The highest honor awarded in the military, the Medal of Honor recognizes extraordinary acts of valor. The Medal of Honor is only awarded to a member of the United States Armed Forces who distinguishes himself “conspicuously by gallantry and intrepidity at the risk of his life above and beyond the call of duty while engaged in action against an enemy of the United States.” Michael Monsoor and Michael Murphy are two of four SEALs who have earned this distinction in the history of U.S. Navy SEALs. Both SEALs received their medals posthumously from President George W. Bush for service in Operations Enduring Freedom and Iraqi Freedom. For love of country and comrade, both gave their lives and sought no credit.
June 28, 2005 is known as the deadliest day in SEAL history since World War II. On that day in the Hindu Kush mountains of Afghanistan, SEAL Michael Murphy’s actions proved that the most dire situations can give rise to the greatest heroes. Murphy was a part of a four-man team who set down on June 27, 2005 in the Korengal River Valley, one of the most dangerous six miles of scabrous shale and high desert in northern Afghanistan. Within 24 hours, Murphy’s unit was surrounded and pinned down by as many as 100 Taliban fighters. With all in his unit wounded, Murphy fought his way into open terrain to gain better transmission to call for back up. He remained in position, exposing himself to continuous attack until contact was made. His final words to headquarters were, “Thank you.” He kept engaging the enemy until he fell, mortally wounded. In the end, three of his four-man team died and the Chinook helicopter sent to rescue them was shot down. All 16 commandos on board, including eight SEALs, were killed.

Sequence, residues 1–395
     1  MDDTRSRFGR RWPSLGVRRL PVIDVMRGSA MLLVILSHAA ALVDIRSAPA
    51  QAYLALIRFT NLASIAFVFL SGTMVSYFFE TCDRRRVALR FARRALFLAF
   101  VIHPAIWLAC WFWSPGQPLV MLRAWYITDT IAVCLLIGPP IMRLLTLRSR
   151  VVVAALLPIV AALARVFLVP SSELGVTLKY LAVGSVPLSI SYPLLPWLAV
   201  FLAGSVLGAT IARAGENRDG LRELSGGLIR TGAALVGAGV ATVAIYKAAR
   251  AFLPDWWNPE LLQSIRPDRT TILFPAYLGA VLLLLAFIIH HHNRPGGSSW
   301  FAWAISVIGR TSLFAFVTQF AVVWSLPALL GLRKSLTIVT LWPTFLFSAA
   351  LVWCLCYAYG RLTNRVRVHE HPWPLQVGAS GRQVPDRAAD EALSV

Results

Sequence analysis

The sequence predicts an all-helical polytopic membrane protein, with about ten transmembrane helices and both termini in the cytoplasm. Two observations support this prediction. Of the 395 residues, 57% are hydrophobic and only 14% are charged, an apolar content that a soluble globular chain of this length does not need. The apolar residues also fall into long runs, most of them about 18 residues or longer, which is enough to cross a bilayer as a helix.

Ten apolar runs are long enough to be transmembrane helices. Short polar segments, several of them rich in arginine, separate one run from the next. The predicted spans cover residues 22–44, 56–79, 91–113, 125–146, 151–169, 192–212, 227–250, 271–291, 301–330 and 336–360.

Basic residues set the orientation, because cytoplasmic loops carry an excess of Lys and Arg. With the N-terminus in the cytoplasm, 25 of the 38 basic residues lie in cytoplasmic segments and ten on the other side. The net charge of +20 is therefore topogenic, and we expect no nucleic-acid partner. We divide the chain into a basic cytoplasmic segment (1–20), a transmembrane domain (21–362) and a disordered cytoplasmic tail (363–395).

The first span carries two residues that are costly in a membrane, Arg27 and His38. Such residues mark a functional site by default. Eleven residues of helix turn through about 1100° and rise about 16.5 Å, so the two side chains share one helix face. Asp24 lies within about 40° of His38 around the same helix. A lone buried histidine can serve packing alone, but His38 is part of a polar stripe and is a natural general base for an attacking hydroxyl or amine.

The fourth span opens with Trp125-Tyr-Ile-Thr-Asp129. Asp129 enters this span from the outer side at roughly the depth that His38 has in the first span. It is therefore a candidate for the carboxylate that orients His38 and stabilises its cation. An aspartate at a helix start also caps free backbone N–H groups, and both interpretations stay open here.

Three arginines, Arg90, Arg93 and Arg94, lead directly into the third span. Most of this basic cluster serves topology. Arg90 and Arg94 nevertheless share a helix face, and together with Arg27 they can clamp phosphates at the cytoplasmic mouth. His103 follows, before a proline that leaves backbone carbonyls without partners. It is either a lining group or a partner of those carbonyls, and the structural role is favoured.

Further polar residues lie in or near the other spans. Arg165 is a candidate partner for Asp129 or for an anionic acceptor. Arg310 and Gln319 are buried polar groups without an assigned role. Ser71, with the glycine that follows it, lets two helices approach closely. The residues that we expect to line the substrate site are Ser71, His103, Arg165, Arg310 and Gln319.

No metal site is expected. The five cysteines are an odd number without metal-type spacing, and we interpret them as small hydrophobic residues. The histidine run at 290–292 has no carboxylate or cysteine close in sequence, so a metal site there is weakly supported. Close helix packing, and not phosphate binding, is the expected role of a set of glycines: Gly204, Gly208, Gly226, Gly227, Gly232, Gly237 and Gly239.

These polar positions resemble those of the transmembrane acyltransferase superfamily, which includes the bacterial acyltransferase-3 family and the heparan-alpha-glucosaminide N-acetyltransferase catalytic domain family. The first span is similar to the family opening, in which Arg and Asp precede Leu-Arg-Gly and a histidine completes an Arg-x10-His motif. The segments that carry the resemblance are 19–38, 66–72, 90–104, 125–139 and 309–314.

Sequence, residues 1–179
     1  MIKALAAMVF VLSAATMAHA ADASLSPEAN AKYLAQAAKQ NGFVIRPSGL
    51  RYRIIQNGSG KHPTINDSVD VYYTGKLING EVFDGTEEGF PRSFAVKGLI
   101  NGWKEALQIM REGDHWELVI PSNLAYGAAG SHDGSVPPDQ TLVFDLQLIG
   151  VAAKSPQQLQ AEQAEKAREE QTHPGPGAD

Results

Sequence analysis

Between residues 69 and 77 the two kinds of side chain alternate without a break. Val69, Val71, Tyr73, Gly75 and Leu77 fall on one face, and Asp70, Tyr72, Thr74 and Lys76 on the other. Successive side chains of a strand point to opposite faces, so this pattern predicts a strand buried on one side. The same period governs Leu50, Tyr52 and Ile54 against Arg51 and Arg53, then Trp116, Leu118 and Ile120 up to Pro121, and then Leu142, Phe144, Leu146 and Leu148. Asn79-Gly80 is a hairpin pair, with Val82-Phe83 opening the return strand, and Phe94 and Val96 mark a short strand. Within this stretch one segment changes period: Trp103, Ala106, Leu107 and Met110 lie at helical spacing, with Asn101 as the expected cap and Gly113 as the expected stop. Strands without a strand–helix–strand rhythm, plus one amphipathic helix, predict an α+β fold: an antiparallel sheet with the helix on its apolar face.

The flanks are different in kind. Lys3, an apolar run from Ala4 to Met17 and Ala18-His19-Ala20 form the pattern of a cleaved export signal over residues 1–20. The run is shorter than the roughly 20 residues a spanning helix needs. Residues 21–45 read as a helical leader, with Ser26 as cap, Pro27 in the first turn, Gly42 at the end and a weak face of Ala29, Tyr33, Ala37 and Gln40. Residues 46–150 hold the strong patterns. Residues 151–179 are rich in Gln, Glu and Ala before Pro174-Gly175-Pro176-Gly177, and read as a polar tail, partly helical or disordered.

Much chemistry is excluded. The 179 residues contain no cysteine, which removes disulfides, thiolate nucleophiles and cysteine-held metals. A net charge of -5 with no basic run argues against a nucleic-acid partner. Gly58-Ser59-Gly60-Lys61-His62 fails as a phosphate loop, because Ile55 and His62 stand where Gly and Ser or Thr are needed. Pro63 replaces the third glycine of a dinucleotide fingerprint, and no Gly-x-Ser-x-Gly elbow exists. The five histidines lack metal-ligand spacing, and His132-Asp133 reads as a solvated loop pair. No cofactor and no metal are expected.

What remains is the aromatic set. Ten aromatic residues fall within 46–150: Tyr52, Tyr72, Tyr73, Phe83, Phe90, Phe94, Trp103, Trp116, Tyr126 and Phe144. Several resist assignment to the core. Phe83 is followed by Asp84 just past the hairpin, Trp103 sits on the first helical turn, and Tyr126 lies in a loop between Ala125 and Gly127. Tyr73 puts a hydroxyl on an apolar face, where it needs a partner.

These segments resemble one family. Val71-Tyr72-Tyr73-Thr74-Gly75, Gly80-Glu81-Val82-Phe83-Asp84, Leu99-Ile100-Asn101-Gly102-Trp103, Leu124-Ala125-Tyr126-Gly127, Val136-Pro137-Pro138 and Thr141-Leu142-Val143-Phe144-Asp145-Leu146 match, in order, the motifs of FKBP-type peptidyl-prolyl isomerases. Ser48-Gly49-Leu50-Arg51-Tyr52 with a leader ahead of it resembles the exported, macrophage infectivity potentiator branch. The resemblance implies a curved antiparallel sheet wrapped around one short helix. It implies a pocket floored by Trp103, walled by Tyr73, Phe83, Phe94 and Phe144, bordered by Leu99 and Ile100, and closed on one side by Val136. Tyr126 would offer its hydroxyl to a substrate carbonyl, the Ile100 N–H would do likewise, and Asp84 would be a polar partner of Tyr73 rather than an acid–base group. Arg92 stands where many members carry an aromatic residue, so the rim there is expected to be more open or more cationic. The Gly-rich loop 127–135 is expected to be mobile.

“Murph” as his SEAL brothers called him, understood that a true warrior stands on principal and willingly falls in sacrifice for both his ideals and fellow man.
In May 2006, Michael Monsoor earned the Silver Star in Ramaldi by rescuing a fellow injured SEAL in a hail of machine gun fire. Throughout that sun-baked Iraqi summer and in 35 firefights, Monsoor continued to demonstrate courage and his capacity for greatness. On September 29, 2006, Monsoor made the ultimate sacrifice when he and two fellow SEALs had taken position on a rooftop in the insurgent-held sector. An incoming grenade bounced off Monsoor’s chest. Only a split-second stood between the 25-year-old Monsoor and escape. Instead of trying to save himself, he deliberately fell on the grenade and saved the lives of three fellow SEALs and three Iraqi Army soldiers.
President Bush said, “The Medal of Honor is awarded for such an act of courage that no one could rightly be expected to undertake it." Yet, those who knew Michael Monsoor were not surprised that he did.